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Sharing with the Gazette, Ronald Ferguson, an economist who trained at MIT and has taught for more than three decades at Harvard, shared about the styles of raising successful children. His sharing was also published in the book “Recipe: Unlocking the Secret to Raising Successful Children”. Educators have called it one of the most comprehensive studies on parenting.
During the study, Professor Ronald Ferguson’s team gathered the experiences of many parents about what they did, the intentions they intended to do, and what prompted them to have these intentions. there. He also talked openly with their children to get a better understanding.
The “recipe” for raising successful children that Professor Ronald Ferguson revealed includes eight important roles of parents.
8 roles parents need to do to raise successful kids
First, early learning partner
Parents need to arouse children’s interest in learning as early as possible, especially before children start school. Most of the successful kids he interviews can read basic words by the time they start kindergarten. Some have shared that they feel more interested in learning thanks to the feeling of “leading”, when teachers excitedly praise them for being able to read early and understand lessons quickly.
Second and third, make sure the world treats you right and “correct” if something goes wrong
Parents should take the time to pay attention to what their child is receiving from school. If the necessary values are not guaranteed, parents should soon intervene if necessary, in a positive direction. In this case, they act as “fixers” to ensure that their children don’t miss out on great life opportunities, even in the absence of resources.
Parents can live in difficult circumstances, but if they see an opportunity that is judged necessary for their child’s success in school or in life, they are willing to sacrifice much for their child. get it.
Fourth, they are also the revealers
To be a “revealer”, parents need to show their children the wonders of the world. So even when children grow up in poverty, they can still open their eyes through visiting museums, spending time at the library and meeting people around.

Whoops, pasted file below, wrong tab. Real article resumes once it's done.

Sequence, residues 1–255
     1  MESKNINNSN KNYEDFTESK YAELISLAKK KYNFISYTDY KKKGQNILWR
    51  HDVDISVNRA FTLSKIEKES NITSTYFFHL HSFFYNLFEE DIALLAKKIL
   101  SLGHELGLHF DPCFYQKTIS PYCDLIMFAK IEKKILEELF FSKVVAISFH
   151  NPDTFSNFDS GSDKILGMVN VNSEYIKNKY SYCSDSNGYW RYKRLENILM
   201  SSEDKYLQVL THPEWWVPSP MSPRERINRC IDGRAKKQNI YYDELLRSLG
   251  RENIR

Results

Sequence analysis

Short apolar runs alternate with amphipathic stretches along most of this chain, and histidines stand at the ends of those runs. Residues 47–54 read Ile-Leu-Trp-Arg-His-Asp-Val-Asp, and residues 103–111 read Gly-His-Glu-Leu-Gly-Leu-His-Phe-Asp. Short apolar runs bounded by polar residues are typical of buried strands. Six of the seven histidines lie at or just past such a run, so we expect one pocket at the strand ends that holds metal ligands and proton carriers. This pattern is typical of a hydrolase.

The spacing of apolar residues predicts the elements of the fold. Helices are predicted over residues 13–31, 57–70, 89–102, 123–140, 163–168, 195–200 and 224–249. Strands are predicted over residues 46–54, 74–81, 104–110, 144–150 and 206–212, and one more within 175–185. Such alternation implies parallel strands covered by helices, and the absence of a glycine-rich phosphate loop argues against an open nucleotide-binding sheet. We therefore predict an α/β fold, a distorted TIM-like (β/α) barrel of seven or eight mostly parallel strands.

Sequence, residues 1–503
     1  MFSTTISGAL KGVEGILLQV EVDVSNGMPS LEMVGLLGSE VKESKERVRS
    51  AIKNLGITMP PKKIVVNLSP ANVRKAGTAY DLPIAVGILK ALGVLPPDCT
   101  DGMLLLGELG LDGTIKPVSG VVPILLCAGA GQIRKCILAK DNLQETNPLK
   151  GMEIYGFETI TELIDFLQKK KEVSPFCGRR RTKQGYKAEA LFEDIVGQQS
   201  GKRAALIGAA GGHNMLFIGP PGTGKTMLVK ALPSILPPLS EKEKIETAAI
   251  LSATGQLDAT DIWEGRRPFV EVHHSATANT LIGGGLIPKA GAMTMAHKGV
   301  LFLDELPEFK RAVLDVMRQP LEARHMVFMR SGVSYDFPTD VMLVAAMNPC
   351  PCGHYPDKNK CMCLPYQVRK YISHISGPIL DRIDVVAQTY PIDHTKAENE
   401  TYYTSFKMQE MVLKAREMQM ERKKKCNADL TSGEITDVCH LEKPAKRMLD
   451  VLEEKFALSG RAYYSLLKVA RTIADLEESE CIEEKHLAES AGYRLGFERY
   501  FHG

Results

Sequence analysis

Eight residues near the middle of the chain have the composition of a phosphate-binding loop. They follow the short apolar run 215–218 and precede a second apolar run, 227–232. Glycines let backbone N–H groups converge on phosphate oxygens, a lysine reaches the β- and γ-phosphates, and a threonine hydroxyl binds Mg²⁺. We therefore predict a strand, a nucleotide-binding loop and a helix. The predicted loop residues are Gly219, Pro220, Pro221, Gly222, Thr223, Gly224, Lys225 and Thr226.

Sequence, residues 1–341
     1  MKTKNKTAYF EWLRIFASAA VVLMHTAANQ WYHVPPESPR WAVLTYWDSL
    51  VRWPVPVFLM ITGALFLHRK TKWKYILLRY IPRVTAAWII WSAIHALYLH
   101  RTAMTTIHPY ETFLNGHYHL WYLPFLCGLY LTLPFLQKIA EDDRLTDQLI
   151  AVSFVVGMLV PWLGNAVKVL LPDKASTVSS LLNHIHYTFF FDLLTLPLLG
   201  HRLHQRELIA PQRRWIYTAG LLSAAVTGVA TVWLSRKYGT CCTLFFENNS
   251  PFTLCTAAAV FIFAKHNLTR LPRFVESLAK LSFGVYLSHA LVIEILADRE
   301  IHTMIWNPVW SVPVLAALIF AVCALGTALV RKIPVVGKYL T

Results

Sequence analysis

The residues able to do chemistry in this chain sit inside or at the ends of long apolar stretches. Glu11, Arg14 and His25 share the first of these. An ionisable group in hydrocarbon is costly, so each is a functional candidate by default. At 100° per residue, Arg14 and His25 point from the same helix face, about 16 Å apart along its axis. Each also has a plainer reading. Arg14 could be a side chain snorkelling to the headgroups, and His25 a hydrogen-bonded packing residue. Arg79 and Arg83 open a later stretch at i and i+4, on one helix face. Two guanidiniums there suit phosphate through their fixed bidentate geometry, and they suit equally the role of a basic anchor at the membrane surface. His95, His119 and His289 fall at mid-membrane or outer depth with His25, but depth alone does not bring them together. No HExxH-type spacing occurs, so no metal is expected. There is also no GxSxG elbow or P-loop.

Philosophers accompanying the child’s development will be of great help to the process of discovering the interest in learning. Because they will help children find the purpose of learning, as well as the importance of knowledge.
If a 3-year-old asks insightful questions, philosopher parents won’t ignore the question. Instead, they try to answer in a way that enhances the child’s understanding of life.
The sixth role, the role model the child wants to follow
Children often learn more from what they observe (especially from experiences in their parents’ lives) than from what parents teach them. Parents themselves should also take time for themselves to learn and develop themselves. When your glass of water is not full, how can you share it with others? When you have no value, how can you give value to others?
Saturday, the negotiators
Parents should teach children how to respect, and also how to act on their own. Children need guidance on how to protect their own interests and deal with those who may affect their interests.
Last role, let’s make a GPS
Don’t forget to become a GPS to help your child navigate. The voice of the parent in the child’s head will be useful advice when the child begins to leave the house, guiding the child through new situations in life. However, limit yourself to the threshold of “direction”, without forcing.
What happens when parents fail in these roles?
According to Ronald Ferguson, parents not being able to fulfill the above important roles can lead to big problems.
For example, if the parent is not an early learning partner, the child will start kindergarten with a distaste for learning. If the “fixer” doesn’t do their job, it’s likely that the child will miss out on the opportunity to acquire some important skills along the way. Without the philosopher, the child may not find the purpose of learning. Without role models or negotiators, children may withdraw in the face of powerful adversaries, rather than act on their own.
There are also children who do not get all of the above and still succeed, but their journey will be much more difficult. With the right support from parents, children will make important strides from an early age.
*Source: The Harvard Gazette
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